Wow—what a wild year it’s been in the stock market! The stock market just posted its best September in decades. It was the strongest September on a percentage basis for the Dow Jones Industrial Average in 71 years. (Source: WSJ, October 4th, “Trading Volumes Sink…” C2) The Dow increased 7.7% in a fairly steady climb throughout September, rather than the volatile swings seen earlier in the year. The S&P 500 gained 8.5% total return in September, its best September results since 1939 and its fourth best performance for any month in the last twenty years. (Source: BTN Research) The S&P 500 is up 3.9% year-to-date through September 30th. The NASDAQ also is up 4.4% for the year through September 30th and it also increased 12.3% for the quarter.
Third quarter volume in stock trading was about 25% below the second quarter level, perhaps because investors felt a lesser need for hedging strategies. Does this signal a broad return of investor confidence?
The recession is over! (According to the National Bureau of Economic Research, it officially ended in June 2009.) With millions jobless, foreclosures rising and home prices still low, it may feel as if the economy is still shrinking. It is such a long climb back up out of the trough that it could be months or even longer before we can see much daylight, assuming the recent growth rate continues. Unfortunately, when growth is weak, unemployment is likely to remain high, and wage growth will be low or non-existent, making it difficult for consumers to increase spending or businesses to either raise prices or justify investing in expansions. (National Bureau of Economic Research).
But there’s more good news:
- Fears about a worst-case, European-led global meltdown have eased. (Source: Kiplinger Letter, August 2010)
- August of 2010 was the busiest on record for mergers and acquisitions volume worldwide. (CNNmoney.com, September 7, 2010)
- BP declared its Gulf of Mexico well permanently sealed on Sunday, September 26.
Still, the question remains—what awaits right around the corner? Recovery or double-dip recession? The U.S. economy and stock market are still sending mixed and confusing signals. Many investors are making the “glass is half full” argument, but thanks in large part to the dismal economy, we have an unhappy public and epic discontent:
- Trust in government is at a historic low of 22%.
- Only 25% have a favorable view of Congress—the lowest favorable ratings in more than two decades.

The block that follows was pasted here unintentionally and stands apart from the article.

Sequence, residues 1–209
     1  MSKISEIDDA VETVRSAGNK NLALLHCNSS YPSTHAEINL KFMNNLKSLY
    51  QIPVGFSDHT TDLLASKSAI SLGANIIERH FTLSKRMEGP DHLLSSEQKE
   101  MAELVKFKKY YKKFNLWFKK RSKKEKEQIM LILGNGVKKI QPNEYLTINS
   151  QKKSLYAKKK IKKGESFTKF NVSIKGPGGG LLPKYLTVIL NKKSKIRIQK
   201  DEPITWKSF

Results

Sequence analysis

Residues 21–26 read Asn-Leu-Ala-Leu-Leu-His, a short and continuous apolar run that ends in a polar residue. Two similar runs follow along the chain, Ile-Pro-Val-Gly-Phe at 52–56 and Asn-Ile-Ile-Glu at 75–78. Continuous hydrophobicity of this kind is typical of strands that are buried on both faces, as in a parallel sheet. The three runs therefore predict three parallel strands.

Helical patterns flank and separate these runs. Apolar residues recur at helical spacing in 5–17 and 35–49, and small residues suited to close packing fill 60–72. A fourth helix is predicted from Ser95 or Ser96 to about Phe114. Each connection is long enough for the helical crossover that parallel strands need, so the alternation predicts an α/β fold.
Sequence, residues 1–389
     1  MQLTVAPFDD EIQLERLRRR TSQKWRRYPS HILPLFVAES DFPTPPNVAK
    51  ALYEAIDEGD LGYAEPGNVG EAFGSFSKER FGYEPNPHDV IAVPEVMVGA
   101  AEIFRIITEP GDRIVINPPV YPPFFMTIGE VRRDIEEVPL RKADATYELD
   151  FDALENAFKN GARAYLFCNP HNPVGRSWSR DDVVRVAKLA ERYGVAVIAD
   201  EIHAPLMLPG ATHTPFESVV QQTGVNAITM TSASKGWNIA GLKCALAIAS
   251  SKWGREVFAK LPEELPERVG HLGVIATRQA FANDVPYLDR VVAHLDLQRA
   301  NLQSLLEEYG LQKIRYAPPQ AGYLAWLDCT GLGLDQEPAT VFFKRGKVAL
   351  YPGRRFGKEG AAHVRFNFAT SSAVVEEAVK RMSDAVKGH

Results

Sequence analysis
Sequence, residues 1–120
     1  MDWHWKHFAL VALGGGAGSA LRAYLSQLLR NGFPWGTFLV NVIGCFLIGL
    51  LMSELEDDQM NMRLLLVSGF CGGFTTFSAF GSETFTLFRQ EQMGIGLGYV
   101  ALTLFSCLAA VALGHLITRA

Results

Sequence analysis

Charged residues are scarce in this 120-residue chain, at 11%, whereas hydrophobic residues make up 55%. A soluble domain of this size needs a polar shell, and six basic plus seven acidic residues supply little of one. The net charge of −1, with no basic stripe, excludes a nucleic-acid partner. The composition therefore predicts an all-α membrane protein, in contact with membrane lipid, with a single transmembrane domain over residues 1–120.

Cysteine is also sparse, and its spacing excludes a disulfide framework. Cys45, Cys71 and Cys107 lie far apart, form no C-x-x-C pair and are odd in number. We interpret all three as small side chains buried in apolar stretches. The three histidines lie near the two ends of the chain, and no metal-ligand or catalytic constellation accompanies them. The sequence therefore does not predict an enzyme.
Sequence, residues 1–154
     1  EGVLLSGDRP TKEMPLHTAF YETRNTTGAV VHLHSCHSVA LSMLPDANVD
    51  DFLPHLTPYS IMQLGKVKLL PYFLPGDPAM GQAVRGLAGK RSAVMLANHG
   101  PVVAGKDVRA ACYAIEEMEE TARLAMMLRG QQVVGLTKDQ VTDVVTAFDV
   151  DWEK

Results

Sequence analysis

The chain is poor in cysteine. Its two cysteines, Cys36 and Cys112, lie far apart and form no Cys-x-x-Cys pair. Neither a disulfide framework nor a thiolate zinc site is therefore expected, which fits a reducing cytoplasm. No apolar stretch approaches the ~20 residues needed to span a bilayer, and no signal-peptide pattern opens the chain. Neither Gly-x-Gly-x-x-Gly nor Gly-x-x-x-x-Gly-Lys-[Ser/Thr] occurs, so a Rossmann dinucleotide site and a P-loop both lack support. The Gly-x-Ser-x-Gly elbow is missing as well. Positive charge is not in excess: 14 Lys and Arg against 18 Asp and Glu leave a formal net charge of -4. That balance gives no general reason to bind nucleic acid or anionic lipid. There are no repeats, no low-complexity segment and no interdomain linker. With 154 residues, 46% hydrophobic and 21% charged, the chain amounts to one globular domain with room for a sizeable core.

- 71% say they believe the financial industry played a major role in causing the current recession. (Zogby International, August 9, 2010)
Even as job creation remains weak, U.S. corporate profits hit record levels. A Wall Street Journal analysis found that the companies in the S&P 500 posted 2nd quarter profits of $189 billion, up 38% from a year earlier. The strong growth is expected to continue for the third quarter.
Many investors believe that corporate investment will be an important aspect of economic growth. Despite the hefty profits, most companies are not expected to boost spending on new employees, products, or equipment any time soon. In fact, many corporations are holding record amounts of cash—about $600 billion more than normal—in low yielding fixed-income instruments as they wait to see the outcome of policy and regulatory decisions, according to Martin Regalia, chief economist at the U.S. Chamber of Commerce. “It is an indication that uncertainty is palpable and it is affecting economic growth.” (Source: Investment News, “Retroactive estate tax for 2010…”, August 22, 2010)
Shareholders looking for a fair return on their investment would rather see resources go to dividend increases, stock buybacks, acquisitions and higher capital spending. There could be a surge in special dividends during the last quarter of 2010. Corporations have good reason to share some of their profits sooner rather than later: unless Congress acts before the end of the year, the top federal income-tax rate on corporate dividends will rise from 15% in 2010 to nearly 40% in 2011!
World trade has come roaring back to within 2% of its old peak (see chart). The collapse and rebound in trade played an important role in the global recession and recovery; now it may be the key to how strongly the global economy can grow.
The International Monetary Fund predicts that the global economy will grow by 4.2% over 2011 (although America and other developed countries are expected to experience continued sluggish growth because of budget cuts). (Source: The Economist, October 9th, pg16) The 2010 4.8% growth is well above the recent growth rate of 4%. Yet there is a gap between the vitality of the big emerging economies (some of which are close to 10%) and the sluggish growth of many developed countries.
The U.S. economy lost 95,000 jobs in September—more than expected, thanks to a smaller-than-forecasted rise in private-sector employment to offset cuts by state and local governments. The jobs report increased expectations that the Fed would take more steps to stimulate the economy at its next meeting. (Source: Barron’s, October 11th, “Punk Payroll…” pg 8)
Many investors believe that the Federal Reserve will have to launch another big bond-buying program by the end of the year to help keep interest rates low and prevent the economy from tumbling into another recession. This is referred to as “quantitative easing” (QE). QE creates more money to purchase assets and is often used as a way to stimulate the domestic economy by lowering the costs to finance and putting more money into the banking system. Unfortunately, the dollar has fallen 7% in the six weeks since the Federal Reserve began discussing it. (Wall Street Journal, “Dollars Fall Rocks World” A1)
The prospect of further QE by the Federal Reserve helps to explain why gold, equities and bonds are all performing well at the same time—an unusual circumstance. Investors are buying gold in case QE leads to inflation, and stocks in hopes that QE will revive the economy and head off a double-dip recession. In addition, the yields on many bonds have fallen because the Federal Reserve often spends most of the QE money buying our own country’s debt. With inflation and deflation both possible consequences of a debt crisis, some investors are buying gold as a hedge against inflation and bonds as a hedge against deflation.